ahhh...high school reunions. A scary time for some; an ego trip for others; but mostly a chance to see who actually recognizes you. For Carlos Bernard, who will be attending his reunion soon at New Trier High School in Chicago, this likely won’t be an issue. Bernard is a star on possibly one of the most addicting shows to ever hit television. For those who own the DVDs, it’s often more difficult to watch just one episode of 24 than give into the temptation of continuing on to the next. In the spirit of the fast-paced spy show, which plays out critical national security events over a period of 24 hours, when Bernard landed the role of Tony Almeida on 24, his life also changed “overnight.” Far from Los Angeles or even his childhood playground of Chicago, Bernard recently found himself at a department store in Tokyo. He traveled there on a press tour promoting the show, which is very popular in Japan. And everytime Bernard would exit one department and enter other, an employee would politely approach him, say, “Hello, Mr. Tony,” and bow. Indeed, Bernard certainly has a recognizable face. But he’ll be the first to tell you that before his appearance on the show, “no one knew who the heck I was.” Like the rest of the cast of 24, Bernard was an actor but never hit anything nearly as big as his current role. Yet he was determined to remain positive, even after being fired from the soap opera The Young and the Restless. And unlike many other actors in this city who are often hesitant to tell people what they really want to do because their own self image is as cliché as most of the movies released, Bernard says, “I love actors and respect them. I am very proud to be one.” However, this wasn’t always his mindset. New Trier High School has a wonderful drama program. “I remember seeing a play and being completely intimidated,” recalls Bernard, adding that seeing is all he did. Even though the thought of acting excited Bernard, he never participated in high school drama. Having been raised by loving parents who only wanted him to have a nice, normal life in the Chicago suburbs with a full-time job, he “never wanted to fess up to anyone that I wanted to be an actor because I’d be afraid they would talk me out of it.” Instead, Bernard played sports, was an art major at Illinois State college, and became an art director for a magazine once he graduated. Nevertheless, his dream of performing never faded, especially after having been given a small taste of stage work in college. “I would walk into a theater thinking one way and I would leave changed,” says Bernard, using the play Our Town as an example. “After seeing it, you walk out wanting to seize the day. The small things in life become a lot more precious to you.” Bernard finally did give into his temptations after a friend dared him to try out for the renowned Second City comedy club which launched the careers of such comics as John Belushi, Mike Myers, Bill Murray, and Gilda Radner. Getting into the comedy club and preparing himself to pursue the life of a thespian wasn’t the difficult part for Bernard—it was breaking the news to his mother afterward. “I told my mom I was quitting the magazine job, going to work freelance, pursue acting, and move out,” Bernard says with a smile, remember the expression on her face. “She called me crazy over and over again in a million different Spanish ways.” With his mother’s two cents behind him, Bernard proceeded to complete his education with Second City, earn a master’s of fine arts degree from the American Conservatory Theater in San Francisco, and finally arrive in Los Angeles to find an agent and get work—a task that didn’t prove to be too easy. Like most other actors—successful or not—Bernard has had his share of discouraging moments. Perhaps his lowest moment was finding himself going to temp agencies at the age of 36, broke, after losing his job with The Young and the Restless. After four months of not working, he finally got a job in graphics design which he began working on the day of New Year’s Eve. As to his state of mind—let’s just say the relevance of being recognized by his high school class let alone people across the world wasn’t exactly being contemplated. With that said, Bernard not only looks at his past, but also toward the future with the same positive attitude he had when he first moved to Los Angeles. “People try to take down your self-esteem all the time,” he says. “The point is that none of it matters. It has no bearing on anything. The difficultly, the adversity, and the ‘no’s’ are part of the fun.” As for now, Bernard just feels fortunate to have a job he loves and can go to every day. Someday he would love the opportunity to work with actors such as Al Pacino, Gene Hackman, Denzel Washington, and George Clooney. Coming from an actor who hasn’t been killed off a show like 24 after five seasons, he must be doing something right. But wherever his career takes him, Bernard takes comfort in knowing he will always have the love and support of his actress wife, Sharisse Baker-Bernard, and their two-year-old baby daughter. Oh, and we can’t forget Bernard’s mother. Somehow she has managed to come to grips with his career. “She loves the show 24,” says Bernard with a smile. “She’s my Chicago publicist.”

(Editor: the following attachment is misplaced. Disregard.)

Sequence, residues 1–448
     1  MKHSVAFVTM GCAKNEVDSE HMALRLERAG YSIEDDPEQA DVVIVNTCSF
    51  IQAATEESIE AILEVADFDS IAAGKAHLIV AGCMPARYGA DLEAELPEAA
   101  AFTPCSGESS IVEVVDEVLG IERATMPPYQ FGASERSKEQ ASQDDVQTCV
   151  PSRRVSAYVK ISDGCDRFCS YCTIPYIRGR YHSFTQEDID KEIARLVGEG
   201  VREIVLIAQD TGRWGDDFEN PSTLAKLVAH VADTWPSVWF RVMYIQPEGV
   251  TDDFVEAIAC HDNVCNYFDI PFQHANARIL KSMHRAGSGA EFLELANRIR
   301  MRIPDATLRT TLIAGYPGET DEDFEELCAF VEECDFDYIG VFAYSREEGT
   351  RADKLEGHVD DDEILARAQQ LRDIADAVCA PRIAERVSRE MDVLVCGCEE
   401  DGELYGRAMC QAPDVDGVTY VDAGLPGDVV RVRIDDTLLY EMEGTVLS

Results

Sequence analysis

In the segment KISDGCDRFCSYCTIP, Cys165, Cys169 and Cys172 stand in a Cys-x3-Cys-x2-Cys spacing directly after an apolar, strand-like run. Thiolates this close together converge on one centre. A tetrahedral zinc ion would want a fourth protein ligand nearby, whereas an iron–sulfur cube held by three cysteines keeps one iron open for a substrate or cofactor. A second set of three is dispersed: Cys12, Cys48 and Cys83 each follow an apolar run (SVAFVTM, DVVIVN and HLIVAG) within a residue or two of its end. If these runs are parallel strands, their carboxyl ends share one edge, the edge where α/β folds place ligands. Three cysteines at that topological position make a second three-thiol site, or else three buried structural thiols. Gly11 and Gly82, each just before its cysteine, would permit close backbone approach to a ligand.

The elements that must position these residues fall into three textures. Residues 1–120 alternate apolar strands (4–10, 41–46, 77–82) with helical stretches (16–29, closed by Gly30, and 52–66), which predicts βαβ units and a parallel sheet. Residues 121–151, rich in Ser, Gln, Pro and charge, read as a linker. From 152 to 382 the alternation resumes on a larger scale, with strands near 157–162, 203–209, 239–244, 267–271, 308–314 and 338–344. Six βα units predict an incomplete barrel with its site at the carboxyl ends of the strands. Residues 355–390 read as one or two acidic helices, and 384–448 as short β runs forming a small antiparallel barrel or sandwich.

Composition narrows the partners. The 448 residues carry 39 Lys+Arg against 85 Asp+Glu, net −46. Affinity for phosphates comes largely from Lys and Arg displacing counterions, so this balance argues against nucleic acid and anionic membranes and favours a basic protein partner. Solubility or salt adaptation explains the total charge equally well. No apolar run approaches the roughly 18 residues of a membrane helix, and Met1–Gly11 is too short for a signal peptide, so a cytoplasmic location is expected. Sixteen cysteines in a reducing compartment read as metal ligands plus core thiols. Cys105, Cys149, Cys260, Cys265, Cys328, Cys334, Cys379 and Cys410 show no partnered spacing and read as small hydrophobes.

David Krissman